Author Topic: Carbs in beer  (Read 947 times)

Offline BrewBama

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Carbs in beer
« on: October 29, 2014, 01:08:44 AM »
It is my understanding that enzymes in our malted grains convert starches to sugars. We lauter the liquid from the solids collecting a sugar rich wort. Once boiled and cooled we pitch yeast which consume the sugars producing alcohol and CO2. My question: if every drop of wort including all the sugars are digested by the yeast, can there be very many carbs leftover?
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Offline pete b

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Re: Carbs in beer
« Reply #1 on: October 29, 2014, 01:23:44 AM »
The carbs in beer come from any residual (unfermented ) sugars. Unfortunately for us ethanol also has a lot of calories.
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Offline erockrph

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Re: Carbs in beer
« Reply #2 on: October 29, 2014, 05:00:29 PM »
The thing is that not every drop of wort is digested by the yeast, otherwise every beer would finish at a gravity below 1.000. The remaining gravity points are primarily dextrins and/or unfermented sugars remaining after fermentation, and these are all carbs.
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Offline Wort-H.O.G.

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Re: Carbs in beer
« Reply #3 on: October 29, 2014, 11:07:19 PM »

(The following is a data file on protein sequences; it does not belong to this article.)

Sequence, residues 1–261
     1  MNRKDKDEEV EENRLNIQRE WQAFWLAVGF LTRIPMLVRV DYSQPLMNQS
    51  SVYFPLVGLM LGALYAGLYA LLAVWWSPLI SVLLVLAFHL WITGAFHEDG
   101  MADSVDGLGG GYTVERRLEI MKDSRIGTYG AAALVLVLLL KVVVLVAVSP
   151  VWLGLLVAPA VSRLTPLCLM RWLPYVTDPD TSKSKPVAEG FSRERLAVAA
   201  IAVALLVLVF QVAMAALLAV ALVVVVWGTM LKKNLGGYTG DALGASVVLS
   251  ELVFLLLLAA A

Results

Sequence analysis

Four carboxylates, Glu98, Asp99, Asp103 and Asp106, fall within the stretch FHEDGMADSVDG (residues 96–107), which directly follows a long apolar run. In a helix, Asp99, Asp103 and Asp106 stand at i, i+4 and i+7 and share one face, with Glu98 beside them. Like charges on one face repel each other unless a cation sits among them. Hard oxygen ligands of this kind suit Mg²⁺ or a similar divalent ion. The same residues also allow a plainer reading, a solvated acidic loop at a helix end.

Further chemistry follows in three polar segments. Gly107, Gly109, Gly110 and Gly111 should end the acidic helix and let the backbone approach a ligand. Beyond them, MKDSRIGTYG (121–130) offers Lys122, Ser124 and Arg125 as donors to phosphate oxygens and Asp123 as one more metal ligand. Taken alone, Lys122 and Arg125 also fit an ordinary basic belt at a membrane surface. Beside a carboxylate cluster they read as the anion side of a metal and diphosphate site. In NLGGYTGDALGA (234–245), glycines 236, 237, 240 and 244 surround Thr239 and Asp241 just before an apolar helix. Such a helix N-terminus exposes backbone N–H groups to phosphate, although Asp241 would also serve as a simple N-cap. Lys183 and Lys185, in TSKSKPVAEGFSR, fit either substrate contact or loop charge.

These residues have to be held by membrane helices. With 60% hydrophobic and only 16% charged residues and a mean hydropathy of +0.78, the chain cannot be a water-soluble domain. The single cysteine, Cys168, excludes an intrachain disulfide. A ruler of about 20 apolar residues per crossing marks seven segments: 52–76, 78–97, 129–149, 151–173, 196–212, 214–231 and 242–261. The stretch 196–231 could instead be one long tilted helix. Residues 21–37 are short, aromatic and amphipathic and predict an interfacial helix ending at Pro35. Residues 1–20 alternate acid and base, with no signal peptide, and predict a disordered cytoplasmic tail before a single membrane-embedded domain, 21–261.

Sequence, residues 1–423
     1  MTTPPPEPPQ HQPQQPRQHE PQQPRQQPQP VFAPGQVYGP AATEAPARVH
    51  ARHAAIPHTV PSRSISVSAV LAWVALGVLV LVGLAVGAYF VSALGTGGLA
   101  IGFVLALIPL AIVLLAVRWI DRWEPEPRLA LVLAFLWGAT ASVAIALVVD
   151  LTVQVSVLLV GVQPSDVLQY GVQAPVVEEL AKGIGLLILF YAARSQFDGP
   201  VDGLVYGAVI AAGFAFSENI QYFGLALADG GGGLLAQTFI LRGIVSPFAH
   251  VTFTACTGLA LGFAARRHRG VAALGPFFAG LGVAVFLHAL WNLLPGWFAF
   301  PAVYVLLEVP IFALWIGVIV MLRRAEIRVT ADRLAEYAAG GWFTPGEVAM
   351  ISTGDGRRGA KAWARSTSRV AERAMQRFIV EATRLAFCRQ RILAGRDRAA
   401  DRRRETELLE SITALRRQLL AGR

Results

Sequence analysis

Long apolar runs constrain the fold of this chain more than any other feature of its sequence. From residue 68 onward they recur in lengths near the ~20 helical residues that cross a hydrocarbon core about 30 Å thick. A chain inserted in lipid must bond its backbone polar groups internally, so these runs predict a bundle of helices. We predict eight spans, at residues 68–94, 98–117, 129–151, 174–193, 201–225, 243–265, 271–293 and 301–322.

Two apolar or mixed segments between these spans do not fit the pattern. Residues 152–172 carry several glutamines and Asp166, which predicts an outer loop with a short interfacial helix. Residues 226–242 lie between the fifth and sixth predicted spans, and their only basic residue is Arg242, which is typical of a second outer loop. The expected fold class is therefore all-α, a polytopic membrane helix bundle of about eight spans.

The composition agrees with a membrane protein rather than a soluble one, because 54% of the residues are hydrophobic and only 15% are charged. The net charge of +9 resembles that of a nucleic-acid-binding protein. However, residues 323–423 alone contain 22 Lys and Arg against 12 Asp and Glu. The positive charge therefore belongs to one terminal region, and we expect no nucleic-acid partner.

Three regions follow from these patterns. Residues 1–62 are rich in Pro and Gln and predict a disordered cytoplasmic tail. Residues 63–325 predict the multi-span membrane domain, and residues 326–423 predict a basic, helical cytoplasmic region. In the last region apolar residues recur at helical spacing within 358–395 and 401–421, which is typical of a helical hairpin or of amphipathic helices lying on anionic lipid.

The thing is that not every drop of wort is digested by the yeast, otherwise every beer would finish at a gravity below 1.000. The remaining gravity points are primarily dextrins and/or unfermented sugars remaining after fermentation, and these are all carbs.

and dont forget, carbs are our friends :P
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Offline BrewBama

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Re: Carbs in beer
« Reply #4 on: October 29, 2014, 11:43:01 PM »

The thing is that not every drop of wort is digested by the yeast, otherwise every beer would finish at a gravity below 1.000. The remaining gravity points are primarily dextrins and/or unfermented sugars remaining after fermentation, and these are all carbs.

Makes sense to me!
“From man’s sweat and God’s love, beer came into the world.” — St. Arnold

Brewed in the Tennessee Valley. Rocket City — Huntsville AL

Offline pete b

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Re: Carbs in beer
« Reply #5 on: October 30, 2014, 12:55:51 AM »
What makes all this counterintuitive is that the carbs, which are currently deemed to be evil, are mostly left by the whole grain malts, especially darker, highly kilned ones. We all know that whole grains are good for us. Meanwhile, the simple sugars, which are clearly bad for our health, leave behind no evil carbs. Another case of alcohol turning good things bad and bad things good.
Don't let the bastards cheer you up.